We have also been busy taking note of our clients requirements over the last year and acquiring more equipment in the shop to fulfill those needs.  We’re setting up a refrigerated air dryer to ensure that our compressed air system in the shop is as dry as it can possibly be.  We’ve had the odd issue here and there when cutting material and having a bit of moisture pass through the nozzle of the plasma torch.  It’s sometimes enough that we have to recut the part, reset the origin of the CNC table, etc…  Basically wasting time and material, this air dryer will solve that problem and ensure that our CNC table, bead blast cabinet, powder coating  and any other air tools in the shop receive moisture free compressed air.

refrigerated air dryer

The parts to the left of the air dryer is a DIY hydraulic finger brake kit.  Once TIG welded together it’ll be stationed in the 50 ton hydraulic press and allow us to bend in steel (aluminum will be rated slightly higher and stainless steel will be rated slightly less):

  • 19″ = ≤ 3/16″
  • 15″ = 1/4″
  • 13″ = 5/16″
  • 11″ = 3/8″
  • 6″ = 1/2″
  • 3″ = 5/8″

This brake will allow the bending of heavier materials (at limited width), however we have another brake showing up that will allow us to do up to 12ga steel (16ga stainless steel) at 40″ in width.  After quite a bit of research it was settled that the best option would be a Baileigh Industrial BB-4012F box and pan brake.  Here’s a photo of it from Baileigh’s website. We’ll be sure to snap some photos when it arrives and makes its new home next to the CNC plasma table.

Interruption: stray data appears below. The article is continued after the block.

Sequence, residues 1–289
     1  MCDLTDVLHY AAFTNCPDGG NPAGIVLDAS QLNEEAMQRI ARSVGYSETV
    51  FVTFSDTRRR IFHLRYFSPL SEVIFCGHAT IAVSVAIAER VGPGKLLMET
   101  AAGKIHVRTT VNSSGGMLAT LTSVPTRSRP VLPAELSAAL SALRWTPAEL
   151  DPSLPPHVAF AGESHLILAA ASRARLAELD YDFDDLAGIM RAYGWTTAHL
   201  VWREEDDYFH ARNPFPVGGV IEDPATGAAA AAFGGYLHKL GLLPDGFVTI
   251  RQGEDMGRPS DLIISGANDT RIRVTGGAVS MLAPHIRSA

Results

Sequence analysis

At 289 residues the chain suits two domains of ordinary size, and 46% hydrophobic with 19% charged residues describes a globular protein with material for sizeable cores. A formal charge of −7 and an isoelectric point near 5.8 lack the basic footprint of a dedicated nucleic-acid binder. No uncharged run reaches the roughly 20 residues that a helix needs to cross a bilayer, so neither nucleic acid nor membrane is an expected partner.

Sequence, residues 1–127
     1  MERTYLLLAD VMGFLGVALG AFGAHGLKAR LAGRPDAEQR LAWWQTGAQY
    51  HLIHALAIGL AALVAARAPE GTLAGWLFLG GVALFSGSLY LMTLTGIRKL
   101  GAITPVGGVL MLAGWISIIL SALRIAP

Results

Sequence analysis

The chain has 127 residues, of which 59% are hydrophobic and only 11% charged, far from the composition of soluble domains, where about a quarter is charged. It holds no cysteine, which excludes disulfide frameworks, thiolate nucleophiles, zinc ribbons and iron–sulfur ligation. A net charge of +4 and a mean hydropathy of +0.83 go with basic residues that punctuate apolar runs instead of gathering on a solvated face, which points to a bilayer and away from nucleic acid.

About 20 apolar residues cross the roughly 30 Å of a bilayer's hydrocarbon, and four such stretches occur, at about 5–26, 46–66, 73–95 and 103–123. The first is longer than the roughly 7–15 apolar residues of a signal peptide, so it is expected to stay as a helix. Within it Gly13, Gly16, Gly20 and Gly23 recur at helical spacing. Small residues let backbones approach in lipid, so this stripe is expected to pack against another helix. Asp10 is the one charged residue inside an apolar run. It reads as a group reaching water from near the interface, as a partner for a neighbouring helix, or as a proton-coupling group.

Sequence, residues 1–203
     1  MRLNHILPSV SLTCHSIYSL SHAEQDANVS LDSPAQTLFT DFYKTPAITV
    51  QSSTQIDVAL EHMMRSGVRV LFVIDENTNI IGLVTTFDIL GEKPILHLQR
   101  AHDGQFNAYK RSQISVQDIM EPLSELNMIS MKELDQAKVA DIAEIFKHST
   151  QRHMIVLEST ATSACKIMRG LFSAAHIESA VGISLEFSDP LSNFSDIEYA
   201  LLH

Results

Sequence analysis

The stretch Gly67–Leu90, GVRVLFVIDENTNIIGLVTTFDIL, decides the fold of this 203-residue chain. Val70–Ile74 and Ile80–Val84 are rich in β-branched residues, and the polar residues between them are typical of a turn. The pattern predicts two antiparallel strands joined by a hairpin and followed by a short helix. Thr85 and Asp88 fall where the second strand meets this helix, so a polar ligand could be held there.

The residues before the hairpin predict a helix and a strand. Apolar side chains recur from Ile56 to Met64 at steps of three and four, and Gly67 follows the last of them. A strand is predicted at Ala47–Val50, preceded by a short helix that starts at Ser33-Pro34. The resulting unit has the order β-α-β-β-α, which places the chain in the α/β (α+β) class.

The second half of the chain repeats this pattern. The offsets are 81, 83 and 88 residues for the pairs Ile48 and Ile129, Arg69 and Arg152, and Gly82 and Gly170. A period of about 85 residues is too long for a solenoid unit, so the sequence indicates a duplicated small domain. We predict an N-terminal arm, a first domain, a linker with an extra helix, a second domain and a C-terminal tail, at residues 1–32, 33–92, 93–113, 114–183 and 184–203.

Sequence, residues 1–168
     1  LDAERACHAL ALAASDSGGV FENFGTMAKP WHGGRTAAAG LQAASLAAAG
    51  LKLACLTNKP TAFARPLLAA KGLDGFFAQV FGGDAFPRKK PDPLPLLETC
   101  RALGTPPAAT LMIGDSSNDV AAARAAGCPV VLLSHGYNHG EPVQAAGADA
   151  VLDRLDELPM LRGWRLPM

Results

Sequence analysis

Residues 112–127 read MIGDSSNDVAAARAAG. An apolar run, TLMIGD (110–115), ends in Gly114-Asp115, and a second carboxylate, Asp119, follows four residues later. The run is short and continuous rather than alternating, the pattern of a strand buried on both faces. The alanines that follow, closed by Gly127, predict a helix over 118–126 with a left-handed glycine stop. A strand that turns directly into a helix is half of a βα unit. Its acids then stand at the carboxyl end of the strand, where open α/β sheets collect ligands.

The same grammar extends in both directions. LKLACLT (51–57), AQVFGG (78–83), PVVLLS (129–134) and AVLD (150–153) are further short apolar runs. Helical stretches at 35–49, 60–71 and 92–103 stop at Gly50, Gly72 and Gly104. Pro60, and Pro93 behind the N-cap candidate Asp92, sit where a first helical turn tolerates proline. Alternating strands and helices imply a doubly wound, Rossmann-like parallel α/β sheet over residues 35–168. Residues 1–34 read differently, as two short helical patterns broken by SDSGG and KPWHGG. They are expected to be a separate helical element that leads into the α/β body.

box and pan brake finger

In the past we’ve been able to get by slitting seams during the CNC plasma cutting process in order to reduce the amount of effort required to bend a piece of material.  However this isn’t practical in all applications, and due to feedback from our clients we are always striving to improve our final product or find deficiencies in our processes that could be improved.  Bending plate or sheet was something we had to improve on and we did!

Keep posted for setup pictures of the new equipment and new service pages added once we get everything dialed in and running.

November 15, 2013

Powder coating booth

We’ve so busy in the shop lately we’ve managed to slip our new powder coating booth in the queue.  We modeled it in SolidWorks to ensure it will be the right size for our use, as well as maximize the use of all the material purchased.  It will allow us to powder coat multiple parts while being hung from the copper grounding bar.  The hangers will have swivels so it will allow the part to rotate in place as well.

Here is the 3D model before we cut any wood.  We haven’t modeled a vent hood for the filter just yet.  That will be the next part of this project.

powder coating booth

And here is the booth assembled on the workbench and almost ready to go.

do it yourself powder coating booth

We typically work with thousanths of an inch or tenths of a millimeter, so working  with wood which is not dimensionally accurate at all is a test of our patience.  However this booth came together pretty easily and really at a minimal cost.  The vent will most likely be something cut off the CNC table and welded up.  It will be nice once it’s done and this booth will get a lot of use in the shop.

Take a look at our powder coating services page for more info on what we can do for you!

October 22, 2013

Wellhead casing project

We always have new and interesting projects come through the shop.  This one was a wellhead casing project which consisted of a few tasks:

All these steps were done in house to reduce lead time and improve quality control.

Design